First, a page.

May 15, 2009 / 3:01 PM / in 9 years

Dutch art circles globe as museum revamp drags on

AMSTERDAM (Reuters Life!) - A renovation process that is bogged down in permit delays means Dutch art treasures will be without a permanent home for years, the director of Amsterdam’s famed Rijksmuseum told Reuters.

<p>The world famous painting De Nachtwacht by Rembrandt van Rijn is wheeled out of the Rijksmuseum by a moving company to its new, temporary, destination in Amsterdam December 11, 2003. REUTERS/Michael Kooren</p>

Wim Pijbes said the process has been overly complicated, if not well-intentioned. The museum has needed permission to do things as simple as moving trees.

In the meantime, the city estimates the economic damage from the delays at between 4.5 million and 9.6 million euros ($6.09 million-$13 million).

Close to 2,000 art objects from the collection are on show in about 120 museums in countries from Spain to Canada. But Amsterdam’s collection at home remains limited as the revamp, which started in 2003, has faced delays and is unlikely to be completed before 2013.

“It’s a shame that it is taking so long, because the country’s most important museum has not been able to use its building for 10 years,” Pijbes said.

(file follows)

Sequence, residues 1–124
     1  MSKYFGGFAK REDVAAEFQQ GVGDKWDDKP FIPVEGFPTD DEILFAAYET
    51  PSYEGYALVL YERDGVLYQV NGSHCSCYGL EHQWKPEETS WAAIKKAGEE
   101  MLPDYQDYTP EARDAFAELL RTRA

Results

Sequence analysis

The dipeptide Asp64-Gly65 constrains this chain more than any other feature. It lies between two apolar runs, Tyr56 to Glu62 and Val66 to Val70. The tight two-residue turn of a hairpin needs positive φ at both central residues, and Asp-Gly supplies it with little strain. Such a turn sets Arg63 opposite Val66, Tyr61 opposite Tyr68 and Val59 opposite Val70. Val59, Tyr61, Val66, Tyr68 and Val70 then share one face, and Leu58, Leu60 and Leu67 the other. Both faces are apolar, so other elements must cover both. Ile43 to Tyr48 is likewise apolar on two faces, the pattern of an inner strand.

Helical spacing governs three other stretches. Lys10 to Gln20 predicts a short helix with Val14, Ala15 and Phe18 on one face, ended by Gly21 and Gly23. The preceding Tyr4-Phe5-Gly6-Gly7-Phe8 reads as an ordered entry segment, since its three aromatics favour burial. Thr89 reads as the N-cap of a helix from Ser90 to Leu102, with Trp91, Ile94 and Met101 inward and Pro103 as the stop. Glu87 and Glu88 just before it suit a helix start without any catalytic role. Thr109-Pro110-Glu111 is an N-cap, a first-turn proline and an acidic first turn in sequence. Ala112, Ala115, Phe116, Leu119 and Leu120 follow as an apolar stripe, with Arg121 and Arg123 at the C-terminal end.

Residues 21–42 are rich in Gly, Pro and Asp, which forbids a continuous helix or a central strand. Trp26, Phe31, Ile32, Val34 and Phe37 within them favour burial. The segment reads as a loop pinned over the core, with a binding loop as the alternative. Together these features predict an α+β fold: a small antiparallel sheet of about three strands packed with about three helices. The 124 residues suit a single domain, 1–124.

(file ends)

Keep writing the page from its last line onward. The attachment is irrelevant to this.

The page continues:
“But it’s important that the collection is still shown during the renovation. We aim to store no more art than usual during the refurbishment.”

While a side wing still displays some of the highlights, such as Rembrandt’s ‘The Night Watch’ and Jan Vermeer’s ‘The Kitchenmaid’, problems securing building contractors and permits is keeping the rest of the museum shut.

More than 80 permits had to be plowed through for every last detail of the refurbishment. Meetings with groups such as the bike lobby were also required.

“These rules and permits are all introduced with good intentions, but applying them to a complex building like the Rijksmuseum is a monstrous task,” he said.

The refurbishment was most recently due for completion in 2008 and was aimed at improving access for mass tourism and improving the climate conditions in the museum.

In a facelift resembling modernizations at the Louvre and Gare d‘Orsay museums in Paris, the 19th century Rijksmuseum, designed by architect Pierre Cuypers with a richly decorated exterior, is due to get a giant new underground entrance hall.

“Compared to a restaurant the menu of the day will not change for 10 years. Although it’s a fantastic dinner, my goal is to bring more variety into the menu as soon as possible,” Pijbes said.

Some tourists at the museum also felt they were missing out with most of the museum closed.

“The beautiful big rooms were overwhelming during my last visit, so it was very disappointing how small and crowded it was this time,” said U.S. visitor Jane Callahan. The museum attracted just under 1 million visitors last year.

Reporting by Elke Bun, editing by Paul Casciato

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